Game Music, Reviews

The Darkness II: Chilling on Your Spine (Review)

April 20, 2012 | | Comment? Share thison Facebook The Darkness II: Chilling on Your Spine (Review)on Twitter

Oh glory! From the Darkness II awakens the horror, walking among us and lingering in smoke and shadow. It will come for you, and when it finds you, it will play the most melancholy melody imaginable — then it’ll probably gut your heart, as painfully and memorably as possible.

How else do you expect the Darkness to regain its health? That’s essentially the Darkness, right? It’s not a big stretch of the imagination to fathom the Darkness as an emotionally confused character, but that feeling fizzles out over the course of playing the game. In reality, the Darkness is often a very harsh and contemptible character, and his music is only harmonious to that feeling throughout the game. The Darkness II soundtrack starts off very grim and slow. For whatever reason, I had a hunch that I would end up forgetting the main theme for The Darkness II. I tested the main theme, to see if I could remember it after playing the game. How does The Darkness II hold out to this test of a memorable melody?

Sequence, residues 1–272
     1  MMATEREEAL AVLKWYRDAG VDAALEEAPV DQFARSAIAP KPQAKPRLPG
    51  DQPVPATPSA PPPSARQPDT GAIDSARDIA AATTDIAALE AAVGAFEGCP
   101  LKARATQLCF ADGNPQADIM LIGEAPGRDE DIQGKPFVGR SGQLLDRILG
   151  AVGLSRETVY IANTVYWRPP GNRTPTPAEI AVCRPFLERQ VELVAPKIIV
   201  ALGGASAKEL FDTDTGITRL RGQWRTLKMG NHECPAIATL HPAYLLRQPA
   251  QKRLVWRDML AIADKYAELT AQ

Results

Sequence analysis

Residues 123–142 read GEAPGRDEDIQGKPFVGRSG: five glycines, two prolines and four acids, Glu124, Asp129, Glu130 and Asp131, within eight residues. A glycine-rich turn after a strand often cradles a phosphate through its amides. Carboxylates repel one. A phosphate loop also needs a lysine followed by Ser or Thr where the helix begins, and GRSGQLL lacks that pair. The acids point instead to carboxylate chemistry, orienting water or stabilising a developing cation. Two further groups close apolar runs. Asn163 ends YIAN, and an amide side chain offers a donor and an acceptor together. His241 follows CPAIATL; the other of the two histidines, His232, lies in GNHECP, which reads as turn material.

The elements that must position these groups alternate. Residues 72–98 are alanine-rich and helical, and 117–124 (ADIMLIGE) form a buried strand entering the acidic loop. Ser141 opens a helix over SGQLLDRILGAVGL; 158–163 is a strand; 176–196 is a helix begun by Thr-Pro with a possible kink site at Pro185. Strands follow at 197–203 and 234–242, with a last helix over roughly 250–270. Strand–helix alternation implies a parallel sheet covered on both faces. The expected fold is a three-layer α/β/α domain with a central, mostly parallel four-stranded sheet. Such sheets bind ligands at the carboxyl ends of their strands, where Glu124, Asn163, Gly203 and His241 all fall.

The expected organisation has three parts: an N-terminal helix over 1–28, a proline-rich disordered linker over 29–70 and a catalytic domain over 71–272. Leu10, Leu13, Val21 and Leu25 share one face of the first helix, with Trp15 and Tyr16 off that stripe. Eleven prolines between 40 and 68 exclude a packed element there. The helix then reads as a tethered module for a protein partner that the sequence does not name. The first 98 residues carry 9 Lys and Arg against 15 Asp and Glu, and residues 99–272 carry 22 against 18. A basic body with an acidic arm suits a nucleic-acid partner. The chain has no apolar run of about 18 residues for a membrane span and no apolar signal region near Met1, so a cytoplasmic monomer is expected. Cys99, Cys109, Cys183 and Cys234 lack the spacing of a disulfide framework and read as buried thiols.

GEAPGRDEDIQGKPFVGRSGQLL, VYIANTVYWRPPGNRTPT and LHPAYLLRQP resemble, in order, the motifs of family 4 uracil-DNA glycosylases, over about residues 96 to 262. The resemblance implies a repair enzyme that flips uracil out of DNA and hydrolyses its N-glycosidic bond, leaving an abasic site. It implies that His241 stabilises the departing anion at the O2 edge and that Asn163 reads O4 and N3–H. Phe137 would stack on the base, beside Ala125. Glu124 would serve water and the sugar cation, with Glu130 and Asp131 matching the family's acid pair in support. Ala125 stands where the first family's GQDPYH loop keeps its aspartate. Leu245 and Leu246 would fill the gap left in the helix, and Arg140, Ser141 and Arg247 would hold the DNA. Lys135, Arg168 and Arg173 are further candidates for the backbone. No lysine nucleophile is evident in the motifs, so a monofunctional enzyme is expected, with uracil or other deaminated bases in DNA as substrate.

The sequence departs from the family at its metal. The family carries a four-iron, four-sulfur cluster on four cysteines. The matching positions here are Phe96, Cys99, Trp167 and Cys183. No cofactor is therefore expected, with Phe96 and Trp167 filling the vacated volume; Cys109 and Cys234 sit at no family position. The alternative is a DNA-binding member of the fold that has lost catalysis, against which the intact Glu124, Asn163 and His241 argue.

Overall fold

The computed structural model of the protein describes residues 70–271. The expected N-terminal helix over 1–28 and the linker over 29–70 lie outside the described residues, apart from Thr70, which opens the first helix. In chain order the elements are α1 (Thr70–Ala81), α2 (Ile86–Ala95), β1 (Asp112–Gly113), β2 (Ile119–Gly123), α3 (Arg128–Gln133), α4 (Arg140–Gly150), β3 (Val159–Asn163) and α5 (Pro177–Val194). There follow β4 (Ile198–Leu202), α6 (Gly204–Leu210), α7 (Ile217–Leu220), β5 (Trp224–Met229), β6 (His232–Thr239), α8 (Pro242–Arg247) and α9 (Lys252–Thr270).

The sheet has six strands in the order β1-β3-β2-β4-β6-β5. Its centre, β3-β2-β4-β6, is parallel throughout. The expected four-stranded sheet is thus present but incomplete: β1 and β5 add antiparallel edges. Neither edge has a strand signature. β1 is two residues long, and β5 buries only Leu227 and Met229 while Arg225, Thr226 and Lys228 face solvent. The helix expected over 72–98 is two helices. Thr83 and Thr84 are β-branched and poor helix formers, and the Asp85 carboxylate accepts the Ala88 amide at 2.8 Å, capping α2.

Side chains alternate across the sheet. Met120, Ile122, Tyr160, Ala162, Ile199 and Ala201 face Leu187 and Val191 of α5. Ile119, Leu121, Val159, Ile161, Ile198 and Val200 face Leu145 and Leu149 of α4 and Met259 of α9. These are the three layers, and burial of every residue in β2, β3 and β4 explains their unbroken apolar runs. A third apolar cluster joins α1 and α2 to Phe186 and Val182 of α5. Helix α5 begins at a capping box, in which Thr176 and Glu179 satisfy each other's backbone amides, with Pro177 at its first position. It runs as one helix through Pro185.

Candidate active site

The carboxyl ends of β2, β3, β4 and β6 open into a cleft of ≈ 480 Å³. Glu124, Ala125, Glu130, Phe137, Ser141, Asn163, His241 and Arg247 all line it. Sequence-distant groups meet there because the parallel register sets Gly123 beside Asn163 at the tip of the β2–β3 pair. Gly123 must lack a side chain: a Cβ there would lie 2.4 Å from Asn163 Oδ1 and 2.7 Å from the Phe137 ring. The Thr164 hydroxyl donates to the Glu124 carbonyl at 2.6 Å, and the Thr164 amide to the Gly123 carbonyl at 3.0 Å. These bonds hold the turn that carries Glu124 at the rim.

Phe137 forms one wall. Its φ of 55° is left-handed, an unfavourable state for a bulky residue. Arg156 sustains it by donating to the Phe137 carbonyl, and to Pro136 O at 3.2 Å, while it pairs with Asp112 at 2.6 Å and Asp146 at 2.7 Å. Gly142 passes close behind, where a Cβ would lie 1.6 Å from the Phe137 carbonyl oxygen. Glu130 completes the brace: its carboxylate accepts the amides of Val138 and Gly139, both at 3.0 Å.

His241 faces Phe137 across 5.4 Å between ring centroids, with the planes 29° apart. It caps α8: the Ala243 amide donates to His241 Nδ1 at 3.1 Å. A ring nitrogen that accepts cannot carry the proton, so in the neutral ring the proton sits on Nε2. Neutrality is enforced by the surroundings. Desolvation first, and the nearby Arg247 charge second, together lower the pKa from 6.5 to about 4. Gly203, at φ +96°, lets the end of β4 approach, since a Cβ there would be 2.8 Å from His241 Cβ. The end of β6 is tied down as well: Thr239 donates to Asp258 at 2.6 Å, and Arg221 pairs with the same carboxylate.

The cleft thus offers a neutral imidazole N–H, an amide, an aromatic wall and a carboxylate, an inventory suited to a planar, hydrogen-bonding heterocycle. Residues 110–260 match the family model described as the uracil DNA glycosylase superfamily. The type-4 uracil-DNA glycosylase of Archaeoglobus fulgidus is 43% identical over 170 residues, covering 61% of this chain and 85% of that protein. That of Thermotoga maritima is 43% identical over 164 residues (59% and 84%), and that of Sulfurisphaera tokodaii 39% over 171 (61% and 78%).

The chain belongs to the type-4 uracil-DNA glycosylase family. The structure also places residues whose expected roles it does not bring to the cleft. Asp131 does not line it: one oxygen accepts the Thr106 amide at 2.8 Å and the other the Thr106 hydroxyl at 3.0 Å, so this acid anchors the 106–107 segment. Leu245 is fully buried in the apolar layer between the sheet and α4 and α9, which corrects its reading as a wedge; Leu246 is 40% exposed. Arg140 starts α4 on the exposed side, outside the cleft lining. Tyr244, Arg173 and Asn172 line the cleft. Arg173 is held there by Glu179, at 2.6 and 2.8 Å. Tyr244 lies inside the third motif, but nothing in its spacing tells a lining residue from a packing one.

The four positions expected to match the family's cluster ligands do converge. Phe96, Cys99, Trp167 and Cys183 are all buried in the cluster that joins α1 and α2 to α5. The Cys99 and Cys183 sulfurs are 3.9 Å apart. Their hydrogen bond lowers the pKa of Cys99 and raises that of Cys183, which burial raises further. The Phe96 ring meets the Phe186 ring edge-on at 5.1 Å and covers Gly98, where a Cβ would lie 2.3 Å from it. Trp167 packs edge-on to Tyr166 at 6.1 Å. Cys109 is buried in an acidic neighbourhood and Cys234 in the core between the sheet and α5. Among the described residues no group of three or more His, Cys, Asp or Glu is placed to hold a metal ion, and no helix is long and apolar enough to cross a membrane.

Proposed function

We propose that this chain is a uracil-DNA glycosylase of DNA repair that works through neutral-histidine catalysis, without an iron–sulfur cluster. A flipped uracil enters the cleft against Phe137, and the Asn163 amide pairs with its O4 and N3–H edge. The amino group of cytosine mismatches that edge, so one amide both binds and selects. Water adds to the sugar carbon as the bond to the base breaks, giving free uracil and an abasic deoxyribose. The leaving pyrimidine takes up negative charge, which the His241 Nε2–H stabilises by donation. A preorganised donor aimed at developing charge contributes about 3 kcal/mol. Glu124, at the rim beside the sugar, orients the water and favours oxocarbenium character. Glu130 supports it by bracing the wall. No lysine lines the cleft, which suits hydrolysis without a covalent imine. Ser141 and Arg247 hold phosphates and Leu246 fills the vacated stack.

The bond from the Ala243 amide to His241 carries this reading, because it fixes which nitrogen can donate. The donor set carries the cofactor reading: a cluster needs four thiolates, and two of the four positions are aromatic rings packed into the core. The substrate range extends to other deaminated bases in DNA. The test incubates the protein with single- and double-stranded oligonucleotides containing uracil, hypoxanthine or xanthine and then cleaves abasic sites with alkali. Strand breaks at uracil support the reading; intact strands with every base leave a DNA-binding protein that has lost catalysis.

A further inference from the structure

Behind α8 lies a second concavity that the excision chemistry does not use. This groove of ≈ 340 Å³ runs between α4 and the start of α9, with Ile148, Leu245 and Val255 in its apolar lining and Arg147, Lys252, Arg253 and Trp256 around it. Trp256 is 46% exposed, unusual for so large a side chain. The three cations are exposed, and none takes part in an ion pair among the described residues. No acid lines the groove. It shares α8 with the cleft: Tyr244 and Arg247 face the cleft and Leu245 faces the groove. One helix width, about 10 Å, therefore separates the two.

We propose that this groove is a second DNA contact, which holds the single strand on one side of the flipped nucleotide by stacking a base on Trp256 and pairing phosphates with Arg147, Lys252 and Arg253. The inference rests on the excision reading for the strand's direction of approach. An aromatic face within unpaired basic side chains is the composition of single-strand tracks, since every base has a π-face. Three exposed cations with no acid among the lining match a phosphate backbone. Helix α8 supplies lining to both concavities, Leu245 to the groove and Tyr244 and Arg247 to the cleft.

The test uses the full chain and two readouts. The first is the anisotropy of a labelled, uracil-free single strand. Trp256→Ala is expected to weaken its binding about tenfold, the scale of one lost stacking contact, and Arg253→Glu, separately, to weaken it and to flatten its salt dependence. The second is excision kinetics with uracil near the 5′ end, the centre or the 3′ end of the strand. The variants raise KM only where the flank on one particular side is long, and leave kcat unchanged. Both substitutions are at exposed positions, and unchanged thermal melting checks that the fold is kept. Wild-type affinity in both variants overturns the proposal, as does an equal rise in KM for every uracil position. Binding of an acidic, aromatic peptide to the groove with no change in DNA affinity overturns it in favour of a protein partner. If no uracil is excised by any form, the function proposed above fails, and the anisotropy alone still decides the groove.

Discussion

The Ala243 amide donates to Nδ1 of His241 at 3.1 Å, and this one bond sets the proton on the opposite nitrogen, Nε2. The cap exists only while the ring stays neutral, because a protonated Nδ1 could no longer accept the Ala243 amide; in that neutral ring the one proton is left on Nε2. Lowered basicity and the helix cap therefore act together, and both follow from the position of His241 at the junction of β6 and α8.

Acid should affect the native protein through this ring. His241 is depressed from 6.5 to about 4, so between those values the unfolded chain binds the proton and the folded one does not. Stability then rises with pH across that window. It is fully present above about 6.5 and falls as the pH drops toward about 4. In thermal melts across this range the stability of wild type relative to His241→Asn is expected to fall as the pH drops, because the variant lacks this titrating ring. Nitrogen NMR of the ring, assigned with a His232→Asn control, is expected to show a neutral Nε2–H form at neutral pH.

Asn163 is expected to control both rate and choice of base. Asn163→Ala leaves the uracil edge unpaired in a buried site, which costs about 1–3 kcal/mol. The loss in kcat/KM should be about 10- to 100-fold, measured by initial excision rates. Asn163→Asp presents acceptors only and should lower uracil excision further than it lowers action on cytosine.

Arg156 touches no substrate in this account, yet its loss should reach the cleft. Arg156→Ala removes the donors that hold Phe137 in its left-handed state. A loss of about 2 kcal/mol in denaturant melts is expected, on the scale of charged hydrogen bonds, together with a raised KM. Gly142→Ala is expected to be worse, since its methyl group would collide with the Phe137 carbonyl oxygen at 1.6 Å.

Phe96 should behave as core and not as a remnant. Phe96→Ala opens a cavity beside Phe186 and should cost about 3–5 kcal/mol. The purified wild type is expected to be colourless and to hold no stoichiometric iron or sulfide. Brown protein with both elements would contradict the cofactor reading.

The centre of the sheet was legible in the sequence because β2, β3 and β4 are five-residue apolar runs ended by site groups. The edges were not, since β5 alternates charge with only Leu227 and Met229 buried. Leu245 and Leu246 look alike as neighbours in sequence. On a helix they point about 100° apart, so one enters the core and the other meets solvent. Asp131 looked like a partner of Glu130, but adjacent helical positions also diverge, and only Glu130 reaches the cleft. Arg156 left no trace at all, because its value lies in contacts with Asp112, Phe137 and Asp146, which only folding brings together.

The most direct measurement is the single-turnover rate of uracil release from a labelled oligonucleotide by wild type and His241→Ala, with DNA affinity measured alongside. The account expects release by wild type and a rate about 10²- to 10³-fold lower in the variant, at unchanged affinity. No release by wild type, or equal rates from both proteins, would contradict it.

Come this way and read more.

Now in the game itself, The Darkness II starts off with our main hero — Jackie Estacado — who’s a hitman with superpowers. That’s basically it. You can go into a battle, head on like Leroy Jenkins, or you can stealth up (in the dark) like Solid Snake. The objective? Beat up bad guys. I’m not going to get into the story much further than that, unless you want me to spoil the story with the track names. It’s a great game, and if you get a chance to play it, play it.

The game soundtrack mostly consists of battle music. Tons of battle music. Many of these tracks consist of various intensity levels — from stealthy, to full-on-action — all crammed into a neat package. Now, I don’t mind having several tracks with differing intensities, as I run into this a lot on game soundtracks, but sometimes it’s good to have a single track containing all the intensities harmoniously married together over the course of a piece. Composition wise, this is a very difficult task to be able to do. Music is a respectable art that deserves a proper form of composition, so I approve of what Timothy has done in The Darkness II.

Now, as I previously brought up — how does The Darkness II hold out to this test of a memorable melody? It holds out very favorably. Listening to the main theme, it’s a really lucid piece, playing tones that end up being quite ominous. But those tones are what you end up remembering. It coincides perfectly with the game. Its melody lingers, making you feel slightly uneasy. But the piece takes a turn around the end, and I took a liking to how it resolves and finishes. For one, it finishes off with flutes, kind of fluffing up the ending of a dark experience, but just a tiny bit. I liked that a lot. I was sure I wouldn’t remember this theme because its main melody is so slow. I would say there is no main melody but rather an atmosphere that sets the mood, matching perfectly with the game’s environment.